“If these grants create jobs at the rate of past grants – and we expect that they will – then the projects stemming from these grants will create roughly 5,500 jobs,” said Mathy Stanislaus, Assistant Administrator for EPA’s Office of Solid Waste and Emergency Response. “That’s a big part of what these grants do. It’s not just removing contamination, it’s an investment in a community that can create jobs and economic opportunities.”

The recipients of brownfields grants in New Jersey are:

Brownfields grants of $1 million to Newark will be used to excavate and dispose of petroleum contaminated soil, and clean up petroleum storage tanks at the former Northern New Jersey Oil site on McCarter Highway. Once the cleanup is completed, the property will be redeveloped as a light manufacturing facility. In addition, Newark will use brownfield grants to clean up the former Scientific Chemical property, located on Wilson Avenue, and the former Central Steel property on Doremus Avenue. Redevelopment of these three sites is expected to result in 55 permanent jobs. Grant funds will also be used to assess other sites across the city.

The city of Trenton will receive four grants totaling $1 million for the cleanup and assessment of brownfields properties throughout the city. Of the total, $400,000 will be used to clean up the Clinton Commerce Center property at 780 North Clinton Avenue and the Pattern Machine and Foundry property at 241 3rd Street. The Clinton Commerce site was abandoned as a result of flooding caused by Hurricane Floyd in 1999, after years of use as a rubber and tire manufacturing facility. The property will become part of a 99-acre urban park project. The Pattern Machine and Foundry site was in continual industrial use from 1876 until 1993. The brownfields grant will be used to clean up the property in preparation for the construction of 12 new homes. The remaining $600,000 will be used to assess various sites throughout Trenton, including the former Federated Metals site at 300 Enterprise Avenue, for future development projects.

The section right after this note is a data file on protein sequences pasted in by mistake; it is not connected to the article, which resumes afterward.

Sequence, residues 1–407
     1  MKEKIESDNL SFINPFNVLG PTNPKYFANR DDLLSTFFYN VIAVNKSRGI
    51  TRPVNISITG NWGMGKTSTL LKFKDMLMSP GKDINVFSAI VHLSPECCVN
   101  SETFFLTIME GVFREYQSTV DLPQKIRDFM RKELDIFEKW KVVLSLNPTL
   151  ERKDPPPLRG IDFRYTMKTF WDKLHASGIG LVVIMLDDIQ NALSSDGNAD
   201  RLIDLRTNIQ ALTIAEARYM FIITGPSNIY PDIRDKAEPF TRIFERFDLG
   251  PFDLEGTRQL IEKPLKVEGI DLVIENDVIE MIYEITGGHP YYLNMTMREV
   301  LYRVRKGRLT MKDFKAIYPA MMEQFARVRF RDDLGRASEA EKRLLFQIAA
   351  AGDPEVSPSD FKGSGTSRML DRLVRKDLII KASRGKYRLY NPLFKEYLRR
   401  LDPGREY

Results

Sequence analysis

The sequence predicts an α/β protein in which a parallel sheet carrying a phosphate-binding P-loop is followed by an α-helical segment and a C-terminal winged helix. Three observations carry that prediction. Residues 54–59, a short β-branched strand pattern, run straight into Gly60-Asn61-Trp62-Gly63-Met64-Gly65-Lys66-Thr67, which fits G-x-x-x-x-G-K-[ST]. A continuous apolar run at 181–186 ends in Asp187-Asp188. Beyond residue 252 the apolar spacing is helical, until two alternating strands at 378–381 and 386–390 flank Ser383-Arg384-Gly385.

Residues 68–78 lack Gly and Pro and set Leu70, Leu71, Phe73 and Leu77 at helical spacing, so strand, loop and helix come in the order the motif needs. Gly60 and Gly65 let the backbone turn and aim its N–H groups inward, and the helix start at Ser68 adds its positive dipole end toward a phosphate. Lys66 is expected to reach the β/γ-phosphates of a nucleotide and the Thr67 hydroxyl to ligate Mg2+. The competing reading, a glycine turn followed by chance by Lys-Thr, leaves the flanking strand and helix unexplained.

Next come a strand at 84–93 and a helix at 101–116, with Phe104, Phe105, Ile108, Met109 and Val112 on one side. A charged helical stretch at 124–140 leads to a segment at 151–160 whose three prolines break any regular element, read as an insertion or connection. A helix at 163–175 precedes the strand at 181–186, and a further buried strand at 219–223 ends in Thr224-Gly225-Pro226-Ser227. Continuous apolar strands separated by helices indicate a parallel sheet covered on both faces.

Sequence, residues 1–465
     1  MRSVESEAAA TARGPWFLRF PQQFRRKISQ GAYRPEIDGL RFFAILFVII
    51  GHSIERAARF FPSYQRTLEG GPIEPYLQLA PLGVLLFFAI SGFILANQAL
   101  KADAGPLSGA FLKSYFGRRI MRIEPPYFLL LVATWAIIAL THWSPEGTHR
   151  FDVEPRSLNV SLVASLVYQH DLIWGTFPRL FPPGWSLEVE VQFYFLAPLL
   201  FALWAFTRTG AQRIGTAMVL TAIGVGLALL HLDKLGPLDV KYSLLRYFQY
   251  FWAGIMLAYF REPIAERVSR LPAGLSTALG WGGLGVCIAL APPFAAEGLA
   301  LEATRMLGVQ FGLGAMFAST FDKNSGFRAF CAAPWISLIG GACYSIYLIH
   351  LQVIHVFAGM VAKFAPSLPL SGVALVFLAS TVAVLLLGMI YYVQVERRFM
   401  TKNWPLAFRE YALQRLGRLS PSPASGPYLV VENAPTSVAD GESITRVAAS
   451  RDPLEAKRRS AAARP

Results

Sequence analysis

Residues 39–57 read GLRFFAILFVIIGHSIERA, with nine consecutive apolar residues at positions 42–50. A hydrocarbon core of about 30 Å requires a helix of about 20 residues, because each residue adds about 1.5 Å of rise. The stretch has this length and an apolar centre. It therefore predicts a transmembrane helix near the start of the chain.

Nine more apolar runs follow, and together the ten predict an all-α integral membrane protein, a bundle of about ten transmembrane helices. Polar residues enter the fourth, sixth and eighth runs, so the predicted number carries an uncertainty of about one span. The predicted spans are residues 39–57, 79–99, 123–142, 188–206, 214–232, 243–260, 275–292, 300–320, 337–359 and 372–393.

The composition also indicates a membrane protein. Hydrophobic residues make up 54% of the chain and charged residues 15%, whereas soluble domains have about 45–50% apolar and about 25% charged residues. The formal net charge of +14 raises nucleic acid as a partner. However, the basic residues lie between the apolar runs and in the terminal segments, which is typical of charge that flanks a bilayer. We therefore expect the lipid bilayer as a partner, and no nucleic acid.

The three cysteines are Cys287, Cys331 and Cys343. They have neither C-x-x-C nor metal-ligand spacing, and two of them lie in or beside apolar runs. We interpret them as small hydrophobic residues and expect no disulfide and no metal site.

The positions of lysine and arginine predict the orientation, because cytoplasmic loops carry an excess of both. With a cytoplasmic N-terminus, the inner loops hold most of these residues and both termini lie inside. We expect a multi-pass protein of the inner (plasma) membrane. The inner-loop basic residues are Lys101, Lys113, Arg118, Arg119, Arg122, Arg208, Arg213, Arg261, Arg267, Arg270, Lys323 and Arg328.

Jersey City
Jersey City will receive two cleanup grants totaling $400,000. Two hundred thousand will be used to help clean up properties at 451-457 Ocean Avenue and 79-81 Dwight Street, the future site of new residential housing. Two hundred thousand will be used to transform 17 acres of former rail yards, junkyards and auto repair shops into a public park that will serve the adjacent residential community.

The city of Elizabeth will receive $400,000 to assess hazardous substances and petroleum contamination in the city’s central business district. The eventual cleanup and redevelopment of this 20-acre area will help revitalize the city’s entire downtown.

Mantua Township will receive $200,000 for the cleanup of hazardous substances at the former Struthers-Dunn property. Struthers-Dunn manufactured electrical relays for industrial and military uses for approximately 40 years at this location.

Maurice River
Maurice River will receive $400,000 for the assessment of three brownfields properties, the Ackley Garage Property, the Cheli Sand and Gravel Property, and the Sapello Foundry property, as well as other sites throughout the township.

Information on grant recipients can be found at: